My Rant, Blessing at The Money and Meaning Conference

Welcome.

Welcome to the Pokeberry Creek watershed of the Haw River valley of the upper Cape Fear Basin of the Atlantic Ocean.

On my way to the Conference on Money and Meaning

I was speaking in my head to Dorothy Parker and she said:

“If you wanna know what God thinks about money just look at the people he gives it to.”

In Guanajuato they like to say: Dios les da el dinero a los ricos.

It’s a good thing God gives money to the wealthy, because without it they would starve to death.

So I’m saying there’s a lot of Money without Meaning out there

But how do we make a path toward meaning; how do we as people and entrepreneurs and citizens and lovers hold ourselves accountable to our responsibilities and our vision, to our need and our love, to our families of belonging and the Earth to which we belong? How do we engage with joy?

Some people say money is just a vehicle I say it is a 1957 Chevy with bad shocks and no brakes; looks good on the outside but that sucker can kill you-

My father grew up in the last non-cash economy of America, in a sharecropping subsistence that translated to 14 hours a day walking behind a mule’s ass. He left that world to work half a century in cotton mills. When I asked him why he put aside 10% of every meager paycheck for the Southern Baptist church he said: “That money’s not mine; it belongs to the Lord.”

We lived in a four-room house without benefit of indoor bathroom but we were not poor.

Wendell Berry writes that “To have everything but money is to have much.”

Here, in this room and in this community, we have pleasures that money can’t buy and corporations can’t command.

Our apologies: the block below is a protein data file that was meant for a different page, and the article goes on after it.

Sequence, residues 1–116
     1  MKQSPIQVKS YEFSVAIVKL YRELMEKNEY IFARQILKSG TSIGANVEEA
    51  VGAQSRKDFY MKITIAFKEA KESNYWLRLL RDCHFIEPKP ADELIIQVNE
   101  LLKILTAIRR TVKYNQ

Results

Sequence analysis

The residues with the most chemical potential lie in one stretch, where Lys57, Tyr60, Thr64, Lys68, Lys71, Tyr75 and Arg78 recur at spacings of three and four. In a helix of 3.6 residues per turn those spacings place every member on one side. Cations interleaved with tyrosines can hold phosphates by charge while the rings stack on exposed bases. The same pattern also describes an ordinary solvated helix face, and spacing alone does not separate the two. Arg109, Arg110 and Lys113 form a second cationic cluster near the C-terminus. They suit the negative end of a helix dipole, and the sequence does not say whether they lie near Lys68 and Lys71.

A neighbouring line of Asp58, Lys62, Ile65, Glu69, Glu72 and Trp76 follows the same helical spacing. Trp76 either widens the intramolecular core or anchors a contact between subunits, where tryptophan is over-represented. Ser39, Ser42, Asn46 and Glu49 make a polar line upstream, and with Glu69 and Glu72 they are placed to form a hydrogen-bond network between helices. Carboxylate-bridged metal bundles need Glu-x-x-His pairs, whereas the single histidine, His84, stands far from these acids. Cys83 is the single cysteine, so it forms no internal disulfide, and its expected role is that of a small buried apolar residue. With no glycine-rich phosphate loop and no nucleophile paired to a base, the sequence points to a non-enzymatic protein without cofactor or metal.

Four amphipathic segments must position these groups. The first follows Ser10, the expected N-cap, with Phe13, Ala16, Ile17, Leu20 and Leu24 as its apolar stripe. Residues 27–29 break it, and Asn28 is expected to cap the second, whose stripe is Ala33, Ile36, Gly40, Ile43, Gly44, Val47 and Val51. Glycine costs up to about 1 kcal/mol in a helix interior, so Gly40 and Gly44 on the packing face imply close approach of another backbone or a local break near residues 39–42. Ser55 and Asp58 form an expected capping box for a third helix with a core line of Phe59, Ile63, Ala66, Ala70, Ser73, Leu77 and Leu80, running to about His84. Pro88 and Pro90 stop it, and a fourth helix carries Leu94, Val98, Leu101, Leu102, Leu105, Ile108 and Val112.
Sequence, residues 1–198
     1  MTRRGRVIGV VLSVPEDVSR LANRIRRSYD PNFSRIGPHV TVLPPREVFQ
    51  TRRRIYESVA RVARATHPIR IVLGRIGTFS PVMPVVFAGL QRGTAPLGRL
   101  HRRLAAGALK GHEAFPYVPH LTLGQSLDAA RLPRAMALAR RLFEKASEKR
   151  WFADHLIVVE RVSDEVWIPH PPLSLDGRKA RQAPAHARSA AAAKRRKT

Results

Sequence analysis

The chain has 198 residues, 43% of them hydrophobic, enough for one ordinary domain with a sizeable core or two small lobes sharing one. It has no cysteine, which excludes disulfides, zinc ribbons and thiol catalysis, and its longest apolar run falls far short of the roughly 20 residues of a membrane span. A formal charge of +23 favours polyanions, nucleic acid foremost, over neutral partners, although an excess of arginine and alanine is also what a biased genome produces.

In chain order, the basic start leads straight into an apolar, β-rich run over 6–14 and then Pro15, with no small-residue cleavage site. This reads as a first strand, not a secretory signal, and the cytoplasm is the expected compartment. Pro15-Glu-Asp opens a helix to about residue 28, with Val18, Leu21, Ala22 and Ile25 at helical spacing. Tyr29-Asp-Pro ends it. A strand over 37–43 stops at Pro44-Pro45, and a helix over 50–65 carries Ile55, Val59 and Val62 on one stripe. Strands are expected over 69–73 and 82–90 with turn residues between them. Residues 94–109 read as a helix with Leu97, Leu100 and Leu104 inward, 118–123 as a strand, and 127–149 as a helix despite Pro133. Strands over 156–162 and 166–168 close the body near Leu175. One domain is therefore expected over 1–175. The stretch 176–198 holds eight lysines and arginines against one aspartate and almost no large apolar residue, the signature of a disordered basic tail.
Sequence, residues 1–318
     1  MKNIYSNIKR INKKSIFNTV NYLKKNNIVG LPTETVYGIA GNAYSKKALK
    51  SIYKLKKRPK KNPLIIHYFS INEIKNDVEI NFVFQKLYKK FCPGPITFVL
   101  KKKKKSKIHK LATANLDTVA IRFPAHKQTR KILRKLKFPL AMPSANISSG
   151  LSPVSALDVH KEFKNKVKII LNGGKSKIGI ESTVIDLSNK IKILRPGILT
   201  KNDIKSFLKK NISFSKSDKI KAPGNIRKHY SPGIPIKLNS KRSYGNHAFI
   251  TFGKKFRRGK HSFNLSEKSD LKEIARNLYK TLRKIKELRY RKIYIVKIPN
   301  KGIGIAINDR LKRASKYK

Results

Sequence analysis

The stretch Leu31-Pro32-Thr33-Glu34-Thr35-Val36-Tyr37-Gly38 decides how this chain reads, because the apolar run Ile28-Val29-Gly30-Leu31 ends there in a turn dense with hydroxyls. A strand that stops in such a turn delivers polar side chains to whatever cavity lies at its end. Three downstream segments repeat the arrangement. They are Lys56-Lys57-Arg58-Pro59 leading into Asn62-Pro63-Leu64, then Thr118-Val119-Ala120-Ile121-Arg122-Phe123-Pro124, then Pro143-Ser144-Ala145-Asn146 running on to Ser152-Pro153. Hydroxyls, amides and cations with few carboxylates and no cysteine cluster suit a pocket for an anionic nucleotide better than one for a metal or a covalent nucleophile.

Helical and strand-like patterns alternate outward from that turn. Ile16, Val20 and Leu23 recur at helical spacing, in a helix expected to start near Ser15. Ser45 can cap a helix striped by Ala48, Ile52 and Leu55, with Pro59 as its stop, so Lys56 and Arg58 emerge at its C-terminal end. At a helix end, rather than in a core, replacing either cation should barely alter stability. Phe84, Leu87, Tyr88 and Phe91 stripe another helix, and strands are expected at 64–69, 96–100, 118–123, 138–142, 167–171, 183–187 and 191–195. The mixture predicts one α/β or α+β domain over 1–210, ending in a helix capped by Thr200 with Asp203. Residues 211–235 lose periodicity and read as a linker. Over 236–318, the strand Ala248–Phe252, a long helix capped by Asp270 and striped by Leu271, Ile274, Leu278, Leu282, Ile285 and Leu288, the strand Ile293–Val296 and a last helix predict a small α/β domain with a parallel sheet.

We have each other; we have a local economy of shared work; we have comfort when we need it. We have our stories, our long history in this bioregion. We are producers instead of consumers of meaning. This is important.

I have many disagreements with our industrial economy. It tends to value private profit over public good, speed and efficiency over enjoyment and quality, utility over mystery and meaning. Ah! Meaning, again.

I hate that it does not account for affection, therefore it does not account for value, that it tends to destroy what it cannot understand, that it is based on the invasion and pillage of the earth and the poor.

I hate it that the same 400 families that sent out armadas 400 years ago to colonize the world still control most of the world’s wealth.

There are practical and elegant and redemptive alternatives:

The business I founded is celebrating 33 years. We feed 10 families, allow part-time work at full-time scale, function as a team, have transparent books, own our own building, have never been capitalized, share profits with the community, try to be on the right side of history, have a primary environmental ethic in a field that is not famous for one . . .

I understand that every human enterprise requires factual knowledge, calculation and manipulation-we like to say we “run the numbers,”

But a real and lasting economy as well as a good business proceeds by

Humility,

Sympathy

Forbearance

Gener0sity

And Imagination.

Let us remember and remind the corporatocracy that the root word of property is proper, which includes right relationship

And Economy? Economy was diminished to mean money and its accumulation of power

The true meaning of economy is “the arrangement of households.”

So let us arrange our households together in a way that provides for the general not specific prosperity, that honors the Earth and the path of social justice, that brings us into right relation with others and the world, that provides in every workspace a living place of creativity, shared purpose, well-being and by that course deep and abundant wells of meaning.

Thank you very much. Blessings on your thoughts and work.

gary phillips

3 thoughts on “My Rant, Blessing at The Money and Meaning Conference

  1. Thanks for this Gary. You made me think of my father, who followed and loved a mule named June (not to be mistaken for your mother) in Penderlea during the Depression. As I read, I could hear him say, “I have a’plenty,” which is his frequent response to someone’s offer to load more food on his plate. As subsistence farmers, they didn’t always have enough food, but they did have love. The empty plate shaped him forever, as did the love. Maybe I should keep an empty one at my table too, to remember my ‘a’plenty’ must runneth over.

    Like

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